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Therapeutic Targeting of the cAMP and cGMP Pathway to Increase Brown Adipose Tissue Activity in Humans

English title Therapeutic Targeting of the cAMP and cGMP Pathway to Increase Brown Adipose Tissue Activity in Humans
Applicant Betz Matthias
Number 201065
Funding scheme Project funding (Div. I-III)
Research institution Abteilung Endokrinologie, Diabetologie und Metabolismus Universitätsspital Basel
Institution of higher education University of Basel - BS
Main discipline Endocrinology
Start/End 01.11.2021 - 31.10.2025
Approved amount 632'000.00
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All Disciplines (4)

Pharmacology, Pharmacy
Physiology : other topics

Keywords (8)

thermogenesis; brown adipose tissue; obesity; energy expenditure; cGMP; cAMP; inosine; isosorbitdinitrate

Lay Summary (German)

Das sogenannte braune Fettgewebe (BAT) wandelt chemische Energie, die in Fetten und Kohlenhydraten gespeichert ist, direkt in Wärme um und steigert den Energieverbrauch. Das vorliegende Projekt soll untersuchen, ob menschliches BAT durch die Substanzen Inosin respektive Isosorbid-dinitrat aktiviert werden kann.
Lay summary

BAT bei Erwachsenen ist mit einem geringeren Körpergewicht sowie günstigen Auswirkungen auf den Zucker- und Fettstoffwechsel verbunden. Es kann durch wiederholte intermittierende leichte Kälteeinwirkung aktiviert und sein Umfang vergrössert werden. Alternativ könnte ein Arzneimittel die Stoffwechselaktivität von BAT und den Energieverbrauch erhöhen. BAT wird physiologischerweise durch lokale Abgabe des Botenstoffs Noradrenalin aktiviert. Der therapeutische Einsatz von Noradrenalin und verwandter Substanzen ist jedoch aufgrund von  Nebenwirkungen wie erhöhter Herzfrequenz und Blutdruck eingeschränkt.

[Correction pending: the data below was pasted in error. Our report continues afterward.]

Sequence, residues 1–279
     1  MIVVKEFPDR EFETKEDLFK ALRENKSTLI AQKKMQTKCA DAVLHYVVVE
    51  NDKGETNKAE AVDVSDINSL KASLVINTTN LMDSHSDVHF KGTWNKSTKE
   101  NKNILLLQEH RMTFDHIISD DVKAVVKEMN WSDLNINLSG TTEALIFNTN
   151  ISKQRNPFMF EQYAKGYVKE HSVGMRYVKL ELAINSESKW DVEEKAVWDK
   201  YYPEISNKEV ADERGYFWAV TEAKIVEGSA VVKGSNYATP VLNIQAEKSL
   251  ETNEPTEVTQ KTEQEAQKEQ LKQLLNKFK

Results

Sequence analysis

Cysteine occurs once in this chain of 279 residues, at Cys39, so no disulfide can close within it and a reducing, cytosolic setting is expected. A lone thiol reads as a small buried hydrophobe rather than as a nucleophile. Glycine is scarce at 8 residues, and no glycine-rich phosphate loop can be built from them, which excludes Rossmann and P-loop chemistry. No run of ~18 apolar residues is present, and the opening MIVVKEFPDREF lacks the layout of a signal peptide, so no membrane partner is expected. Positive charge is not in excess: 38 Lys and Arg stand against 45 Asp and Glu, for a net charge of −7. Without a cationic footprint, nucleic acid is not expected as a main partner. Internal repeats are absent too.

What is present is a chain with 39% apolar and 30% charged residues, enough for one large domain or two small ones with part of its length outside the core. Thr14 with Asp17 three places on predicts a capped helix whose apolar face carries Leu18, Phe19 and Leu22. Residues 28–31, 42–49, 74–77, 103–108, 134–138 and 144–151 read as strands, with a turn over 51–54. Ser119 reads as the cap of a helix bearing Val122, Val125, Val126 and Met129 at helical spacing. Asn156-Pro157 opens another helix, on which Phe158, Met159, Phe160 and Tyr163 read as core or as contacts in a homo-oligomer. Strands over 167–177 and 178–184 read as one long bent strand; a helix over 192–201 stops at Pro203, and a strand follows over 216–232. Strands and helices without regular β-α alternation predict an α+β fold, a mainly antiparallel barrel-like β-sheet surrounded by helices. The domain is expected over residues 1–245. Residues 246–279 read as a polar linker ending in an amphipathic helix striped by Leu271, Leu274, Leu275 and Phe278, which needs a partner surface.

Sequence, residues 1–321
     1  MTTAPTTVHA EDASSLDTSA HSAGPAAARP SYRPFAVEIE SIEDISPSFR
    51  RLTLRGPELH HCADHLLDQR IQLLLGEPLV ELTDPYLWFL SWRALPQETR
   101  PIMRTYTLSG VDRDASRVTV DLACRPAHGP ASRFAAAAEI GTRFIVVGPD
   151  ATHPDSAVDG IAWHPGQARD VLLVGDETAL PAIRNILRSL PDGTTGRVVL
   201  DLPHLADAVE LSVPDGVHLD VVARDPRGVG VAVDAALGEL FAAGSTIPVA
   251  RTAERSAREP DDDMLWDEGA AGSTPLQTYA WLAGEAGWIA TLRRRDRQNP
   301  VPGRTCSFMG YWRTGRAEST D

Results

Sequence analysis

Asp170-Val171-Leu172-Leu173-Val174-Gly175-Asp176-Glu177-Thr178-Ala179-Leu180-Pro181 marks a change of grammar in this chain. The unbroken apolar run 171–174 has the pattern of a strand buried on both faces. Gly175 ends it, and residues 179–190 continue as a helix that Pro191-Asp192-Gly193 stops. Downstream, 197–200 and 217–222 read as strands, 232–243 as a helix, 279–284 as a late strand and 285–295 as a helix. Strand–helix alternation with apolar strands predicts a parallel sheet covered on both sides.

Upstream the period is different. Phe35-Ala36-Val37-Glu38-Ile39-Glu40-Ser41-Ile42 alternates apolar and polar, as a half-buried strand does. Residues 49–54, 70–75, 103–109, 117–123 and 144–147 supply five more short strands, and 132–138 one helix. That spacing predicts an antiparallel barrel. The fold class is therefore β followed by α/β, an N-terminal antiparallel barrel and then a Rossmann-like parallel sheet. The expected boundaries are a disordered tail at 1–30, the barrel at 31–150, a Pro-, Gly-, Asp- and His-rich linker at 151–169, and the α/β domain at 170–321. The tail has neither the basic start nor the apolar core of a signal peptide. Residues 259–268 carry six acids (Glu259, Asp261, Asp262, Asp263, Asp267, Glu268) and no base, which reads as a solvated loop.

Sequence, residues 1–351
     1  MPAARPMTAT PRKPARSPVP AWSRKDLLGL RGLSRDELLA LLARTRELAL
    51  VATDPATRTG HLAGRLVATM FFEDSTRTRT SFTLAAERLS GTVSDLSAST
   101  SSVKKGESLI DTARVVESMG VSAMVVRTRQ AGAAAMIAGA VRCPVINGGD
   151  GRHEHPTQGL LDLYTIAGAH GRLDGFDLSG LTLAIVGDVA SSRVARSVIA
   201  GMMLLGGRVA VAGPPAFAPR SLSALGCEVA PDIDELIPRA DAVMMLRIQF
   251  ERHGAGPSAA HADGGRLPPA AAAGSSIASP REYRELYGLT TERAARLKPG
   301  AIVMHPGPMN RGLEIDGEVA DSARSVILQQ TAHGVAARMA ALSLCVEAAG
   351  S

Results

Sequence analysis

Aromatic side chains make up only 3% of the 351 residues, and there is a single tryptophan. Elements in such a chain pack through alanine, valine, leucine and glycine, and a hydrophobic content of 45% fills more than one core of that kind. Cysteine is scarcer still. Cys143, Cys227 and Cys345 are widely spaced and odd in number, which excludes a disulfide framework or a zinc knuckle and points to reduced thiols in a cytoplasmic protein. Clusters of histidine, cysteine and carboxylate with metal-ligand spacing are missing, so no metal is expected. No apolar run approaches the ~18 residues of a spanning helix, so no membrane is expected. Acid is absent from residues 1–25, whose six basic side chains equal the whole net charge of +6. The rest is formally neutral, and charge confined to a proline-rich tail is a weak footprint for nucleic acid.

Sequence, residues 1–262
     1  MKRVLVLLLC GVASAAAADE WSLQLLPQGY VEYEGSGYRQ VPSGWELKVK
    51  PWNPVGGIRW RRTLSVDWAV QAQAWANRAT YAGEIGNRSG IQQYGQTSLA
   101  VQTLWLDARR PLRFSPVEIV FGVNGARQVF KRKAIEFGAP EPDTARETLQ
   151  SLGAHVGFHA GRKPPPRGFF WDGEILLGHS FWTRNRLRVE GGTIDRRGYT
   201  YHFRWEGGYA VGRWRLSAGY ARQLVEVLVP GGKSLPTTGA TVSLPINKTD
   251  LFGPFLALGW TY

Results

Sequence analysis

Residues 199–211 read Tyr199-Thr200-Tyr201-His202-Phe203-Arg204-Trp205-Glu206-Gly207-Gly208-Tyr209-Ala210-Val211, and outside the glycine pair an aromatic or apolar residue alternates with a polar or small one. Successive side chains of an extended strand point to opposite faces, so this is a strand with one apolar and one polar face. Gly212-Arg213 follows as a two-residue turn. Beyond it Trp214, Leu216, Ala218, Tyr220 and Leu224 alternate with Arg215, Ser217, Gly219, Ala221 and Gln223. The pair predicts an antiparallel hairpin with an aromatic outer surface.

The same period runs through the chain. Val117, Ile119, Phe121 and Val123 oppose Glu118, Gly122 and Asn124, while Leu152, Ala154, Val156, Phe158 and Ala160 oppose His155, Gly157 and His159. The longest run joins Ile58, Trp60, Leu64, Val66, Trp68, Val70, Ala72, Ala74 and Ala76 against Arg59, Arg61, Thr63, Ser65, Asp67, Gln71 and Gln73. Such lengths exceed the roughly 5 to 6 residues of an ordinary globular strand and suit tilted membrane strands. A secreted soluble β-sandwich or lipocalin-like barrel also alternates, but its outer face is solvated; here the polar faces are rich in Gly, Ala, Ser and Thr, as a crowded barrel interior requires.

Noradrenalin erhöht in BAT u.a. Signalmoleküle cAMP und cGMP, die dann die weiteren molekularen Schritte der Wärmeproduktion aktivieren. Präklinische Versuche haben gezeigt, dass das natürlich vorkommende Nukleosid Adenosin BAT ebenfalls aktivieren kann, indem es die intrazellulären cAMP-Spiegel steigert. Allerdings wird Adenosin im Körper innerhalb von Sekunden abgebaut. Wir wollen untersuchen ob der natürlich vorkommende Adenosin-Metabolit Inosin humanes BAT ebenfalls stimulieren kann. Die intrazellulären cGMP-Spiegel werden durch sogenannte Nitropräparate erhöht, die seit Jahrzehnten zur Behandlung der koronaren Herzkrankheit eingesetzt werden.